Myriam Laroche was in a meeting to discuss the details of the next Eco Fashion Week when she realized she just couldn’t do it any more.
She had founded the non-profit organization in 2009 to encourage a sustainable approach in an industry that thrives on constant consumption and wasteful packaging.
And while she was embraced by Vancouver for her vision of environmentally responsible fashion practices, that enthusiasm did not translate into financial support. Essentially, she and her co-workers were volunteering their time to pull together the thousands of threads that were woven each year into the multi-day event.
“We were all tired and burnt out,” she says, in a recent interview with the Courier. “I realized that if we want to create a healthy planet we have to be healthy as humans, too. It was a big contradiction for me.”
A decision was made to cancel Eco Fashion Week earlier this year. It was a decision that ultimately also led to Laroche leaving Vancouver.
Quebec-born, she’d moved west 11 years ago and embraced everything Vancouver had to offer, including its goal to be the world’s greenest city by 2020. She created and organized Vancouver’s Eco Fashion Week, eventually moving it to Seattle in 2016.
“Vancouver talks a good talk” but is lacking when it comes to supporting initiatives to make things happen, she says. Her reaction became, “Can we stop having coffee and do something?”
“I want to be somewhere where I can do more change,” she tells the Courier. “I hate waste and I felt I was wasting myself and not reaching my potential.”
A few weeks ago, she moved back to Old Quebec. She was sad to leave Vancouver but at no time did she feel it was the wrong decision.
“I’m so happy I lived in Vancouver for 11 years,” she says “There’s something great about Vancouver.”
She says she learned a lot about waste, and how to reduce it, including forging a EFW relationship with the second-hand clothing chain Value Village. She was profiled in countless magazines to spread the eco gospel, including speaking out against business practices that harmed low-paid workers in developing countries. She worked with companies such as Holt Renfrew and Ford to enhance their eco-friendly efforts. Behind the scenes she involved with the Forum For Women Entrepreneurs and for Simon Fraser University’s Beedie School of Business in Circular Economy.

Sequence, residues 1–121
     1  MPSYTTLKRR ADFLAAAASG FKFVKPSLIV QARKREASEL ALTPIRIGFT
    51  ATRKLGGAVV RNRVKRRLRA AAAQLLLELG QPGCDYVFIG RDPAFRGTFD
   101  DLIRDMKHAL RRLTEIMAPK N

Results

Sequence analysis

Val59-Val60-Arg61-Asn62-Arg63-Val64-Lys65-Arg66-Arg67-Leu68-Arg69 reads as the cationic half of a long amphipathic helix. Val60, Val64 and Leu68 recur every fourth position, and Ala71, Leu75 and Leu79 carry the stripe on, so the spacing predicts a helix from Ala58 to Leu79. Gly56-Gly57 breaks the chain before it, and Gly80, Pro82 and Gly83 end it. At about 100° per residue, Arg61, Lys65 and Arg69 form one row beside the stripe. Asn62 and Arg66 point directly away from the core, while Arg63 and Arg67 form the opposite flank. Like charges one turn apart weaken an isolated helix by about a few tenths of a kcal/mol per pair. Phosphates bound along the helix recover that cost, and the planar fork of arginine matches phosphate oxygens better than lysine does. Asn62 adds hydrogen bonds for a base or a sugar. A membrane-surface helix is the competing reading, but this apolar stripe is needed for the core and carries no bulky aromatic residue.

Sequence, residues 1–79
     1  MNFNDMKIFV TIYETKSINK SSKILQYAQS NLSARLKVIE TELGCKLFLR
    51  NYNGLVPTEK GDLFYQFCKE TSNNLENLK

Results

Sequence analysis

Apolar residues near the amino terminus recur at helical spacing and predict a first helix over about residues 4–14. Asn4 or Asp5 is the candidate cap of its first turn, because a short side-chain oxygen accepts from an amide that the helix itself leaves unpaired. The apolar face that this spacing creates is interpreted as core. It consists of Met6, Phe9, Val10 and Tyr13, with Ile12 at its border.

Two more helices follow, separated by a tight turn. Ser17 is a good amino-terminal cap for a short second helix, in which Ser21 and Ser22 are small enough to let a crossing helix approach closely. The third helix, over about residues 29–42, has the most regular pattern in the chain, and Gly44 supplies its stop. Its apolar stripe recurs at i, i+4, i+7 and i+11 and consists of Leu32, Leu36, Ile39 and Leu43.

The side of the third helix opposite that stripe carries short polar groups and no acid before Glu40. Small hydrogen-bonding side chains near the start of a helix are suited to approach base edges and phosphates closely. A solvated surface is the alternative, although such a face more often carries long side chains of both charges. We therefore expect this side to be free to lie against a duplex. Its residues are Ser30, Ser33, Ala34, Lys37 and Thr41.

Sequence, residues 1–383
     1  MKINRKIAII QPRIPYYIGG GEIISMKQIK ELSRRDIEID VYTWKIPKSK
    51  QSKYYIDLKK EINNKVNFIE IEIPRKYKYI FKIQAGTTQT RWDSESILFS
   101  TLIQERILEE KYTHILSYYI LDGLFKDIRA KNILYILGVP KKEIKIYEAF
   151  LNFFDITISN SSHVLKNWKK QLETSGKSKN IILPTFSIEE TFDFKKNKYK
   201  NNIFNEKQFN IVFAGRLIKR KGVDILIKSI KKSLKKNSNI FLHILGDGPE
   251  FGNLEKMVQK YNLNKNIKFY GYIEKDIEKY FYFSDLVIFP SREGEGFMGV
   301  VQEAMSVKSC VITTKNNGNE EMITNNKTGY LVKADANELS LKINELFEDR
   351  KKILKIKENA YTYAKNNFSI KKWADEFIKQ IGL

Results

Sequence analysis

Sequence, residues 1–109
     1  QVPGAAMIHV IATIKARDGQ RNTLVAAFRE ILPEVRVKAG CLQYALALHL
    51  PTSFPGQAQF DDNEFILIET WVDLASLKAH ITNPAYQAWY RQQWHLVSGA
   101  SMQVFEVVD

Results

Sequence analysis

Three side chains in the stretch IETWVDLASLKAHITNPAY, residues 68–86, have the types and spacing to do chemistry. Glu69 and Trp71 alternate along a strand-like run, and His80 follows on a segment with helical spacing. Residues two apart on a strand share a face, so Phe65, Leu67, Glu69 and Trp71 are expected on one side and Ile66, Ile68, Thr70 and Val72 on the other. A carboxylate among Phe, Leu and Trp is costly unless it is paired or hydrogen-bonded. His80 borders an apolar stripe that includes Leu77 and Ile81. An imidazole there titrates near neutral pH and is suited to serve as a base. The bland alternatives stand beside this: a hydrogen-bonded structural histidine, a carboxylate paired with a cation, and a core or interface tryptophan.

“Vancouver is one step ahead in being healthy and eco-friendly,” she says. Her decision to leave is “more about reaching the next level.”
“Vancouver knows how to do it but we need to make it louder and it’s way louder here,” she says of Quebec’s business-like approach. Her next challenge is to meld Vancouver’s “chilled out” culture that embraces being eco-friendly with Quebec’s drive to make money.
The Courier talked to Laroche when she was in an airport lounge about to take a plane to Lima, Peru. Peru’s Forest Stewardship Council has invited her to meet with people who are creating products, including textiles from tree pulp, and talk about other sustainable ventures.
She says South America “has been crossing her path” quite frequently lately and foresees doing more projects there. She also plans to do some work with Vancouver-based Sustainability Television.
Eco Fashion Week might not return as a week-long extravaganza but there is the possibility of organizing more manageable one-day Eco Fashion events.
And as happy as she is to be back in Quebec City, she asks and answers the next question about her future: “Will I be here forever? I don’t think forever is in my vocabulary any more.”